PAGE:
You may want to stand up to read this Cultural Commentary. It turns out people who spend most of their day sitting have an increased risk for certain kinds of malignancies, particularly colon and endometrial cancers. In fact, those who spend the most hours watching TV have a 54 percent increased risk of colon cancer. Regular exercise apparently does not offset the risks of too much sitting.
Tony Gwynn was anything but sedentary. This Hall of Fame baseball player was one of the best hitters and most gracious athletes of his generation. He died last week at the age of 54, a victim of oral cancer. More than 40,000 people are diagnosed with this disease each year; only a little more than half will be alive in five years. Gwynn blamed chewing tobacco for his disease. After his untimely death, many are calling for a complete ban of tobacco in baseball.
Now consider an apparently unrelated story: a woman in Erie, Pennsylvania tried to rescue a cat from a tree, but needed to be rescued instead. Tara Dennis saw the cat crying in the tree, so she scaled a fence, got on a roof and climbed onto a branch. She reached the animal, which she put inside her shirt. But climbing back down, she got stuck. A neighbor called 911, and firefighters rescued both the woman and the cat.
These news stories tell us that mortality finds us all, and we can’t save ourselves. We think we’re safe sitting at our desk or in front of the television. World-class athletes would seem to be less prone to an early death. A woman rescuing a cat wouldn’t expect to need her own rescue. But truth is not only stranger than fiction, as Mark Twain noted—it’s more dangerous as well.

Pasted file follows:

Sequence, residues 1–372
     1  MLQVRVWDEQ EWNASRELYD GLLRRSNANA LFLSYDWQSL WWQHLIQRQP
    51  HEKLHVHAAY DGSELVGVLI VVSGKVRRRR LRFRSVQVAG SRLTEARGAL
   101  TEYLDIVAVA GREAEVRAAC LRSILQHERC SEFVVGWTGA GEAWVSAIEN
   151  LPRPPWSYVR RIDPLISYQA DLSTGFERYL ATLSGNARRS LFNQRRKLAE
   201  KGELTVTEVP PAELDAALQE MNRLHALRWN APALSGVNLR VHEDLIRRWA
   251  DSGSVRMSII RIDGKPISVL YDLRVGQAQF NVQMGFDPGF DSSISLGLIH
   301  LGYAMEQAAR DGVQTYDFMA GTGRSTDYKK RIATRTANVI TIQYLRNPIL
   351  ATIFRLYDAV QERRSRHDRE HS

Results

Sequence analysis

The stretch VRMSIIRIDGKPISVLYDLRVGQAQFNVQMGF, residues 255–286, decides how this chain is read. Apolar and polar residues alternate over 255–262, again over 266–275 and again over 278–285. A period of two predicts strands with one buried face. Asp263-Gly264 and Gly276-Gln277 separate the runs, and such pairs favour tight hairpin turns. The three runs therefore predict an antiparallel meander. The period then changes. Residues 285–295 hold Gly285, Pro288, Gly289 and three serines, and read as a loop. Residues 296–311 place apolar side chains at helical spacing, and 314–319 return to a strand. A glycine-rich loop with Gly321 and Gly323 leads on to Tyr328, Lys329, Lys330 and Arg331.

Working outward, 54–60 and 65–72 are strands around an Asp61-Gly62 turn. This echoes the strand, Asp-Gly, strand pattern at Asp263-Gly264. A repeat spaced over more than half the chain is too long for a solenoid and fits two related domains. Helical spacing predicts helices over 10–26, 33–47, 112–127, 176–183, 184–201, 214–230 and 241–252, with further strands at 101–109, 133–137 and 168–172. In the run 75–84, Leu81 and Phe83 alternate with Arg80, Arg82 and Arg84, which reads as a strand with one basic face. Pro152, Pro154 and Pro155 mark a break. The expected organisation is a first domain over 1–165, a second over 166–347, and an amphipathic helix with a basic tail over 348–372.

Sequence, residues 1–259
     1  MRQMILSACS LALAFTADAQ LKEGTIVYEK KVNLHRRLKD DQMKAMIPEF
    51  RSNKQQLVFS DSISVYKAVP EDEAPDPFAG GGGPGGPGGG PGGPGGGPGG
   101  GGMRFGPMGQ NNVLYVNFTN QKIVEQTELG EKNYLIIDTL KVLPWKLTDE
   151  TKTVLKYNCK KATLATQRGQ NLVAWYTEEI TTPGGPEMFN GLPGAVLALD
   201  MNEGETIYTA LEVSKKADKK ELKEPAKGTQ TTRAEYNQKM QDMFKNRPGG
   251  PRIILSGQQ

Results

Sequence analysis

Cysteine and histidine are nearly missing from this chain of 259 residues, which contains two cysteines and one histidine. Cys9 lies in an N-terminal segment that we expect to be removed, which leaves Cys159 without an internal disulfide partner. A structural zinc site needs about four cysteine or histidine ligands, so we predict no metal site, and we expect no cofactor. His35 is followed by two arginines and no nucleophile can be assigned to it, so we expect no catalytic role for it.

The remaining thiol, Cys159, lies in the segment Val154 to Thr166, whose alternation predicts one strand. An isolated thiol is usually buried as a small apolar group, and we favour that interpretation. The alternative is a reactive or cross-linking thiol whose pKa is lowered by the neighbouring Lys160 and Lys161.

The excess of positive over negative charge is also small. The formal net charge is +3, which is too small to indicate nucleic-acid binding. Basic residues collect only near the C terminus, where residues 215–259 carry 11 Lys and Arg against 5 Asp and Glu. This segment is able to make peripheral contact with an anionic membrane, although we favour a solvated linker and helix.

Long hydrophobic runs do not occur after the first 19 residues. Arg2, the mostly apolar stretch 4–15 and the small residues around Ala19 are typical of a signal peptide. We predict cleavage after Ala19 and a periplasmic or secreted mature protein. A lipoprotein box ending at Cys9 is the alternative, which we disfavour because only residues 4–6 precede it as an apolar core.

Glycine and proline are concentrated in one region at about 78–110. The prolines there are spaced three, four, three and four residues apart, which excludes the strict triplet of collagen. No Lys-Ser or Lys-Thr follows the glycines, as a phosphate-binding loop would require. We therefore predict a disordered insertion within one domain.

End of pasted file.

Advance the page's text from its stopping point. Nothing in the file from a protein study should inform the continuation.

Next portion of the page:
You and I have no time to waste. As the Bible says, “now is the day of salvation” (2 Corinthians 6:2). If you’re not sure you have asked Jesus to forgive your mistakes and become your Savior and Lord, it’s not safe for you to go another day without trusting in him. Some day will be my last day; some day will be yours; neither of us is promised tomorrow. We’re both one day closer to eternity than ever before.
If you’ve settled your salvation, what about your significance? I spent the weekend in New York City, where I met with a group of Christians who are committed to advancing the Kingdom in one of the world’s greatest cities. One of the churches in this movement began in Brooklyn in 1978; today the Christian Cultural Center’s membership exceeds 37,000. Its pastor, Dr. A. R. Bernard, believes that God has a summons for every Christian to serve the divine purposes in every condition, work, or relationship in life. Another church in this movement, Tim Keller’s Redeemer Presbyterian Church, says that it seeks not to build a great church but to build a great city.
What are you doing to build a great city where you live? To serve the divine purposes in every condition, work, and relationship of your life? I can’t say this is your last week to fulfill God’s significance for you. But I can’t say that it’s not.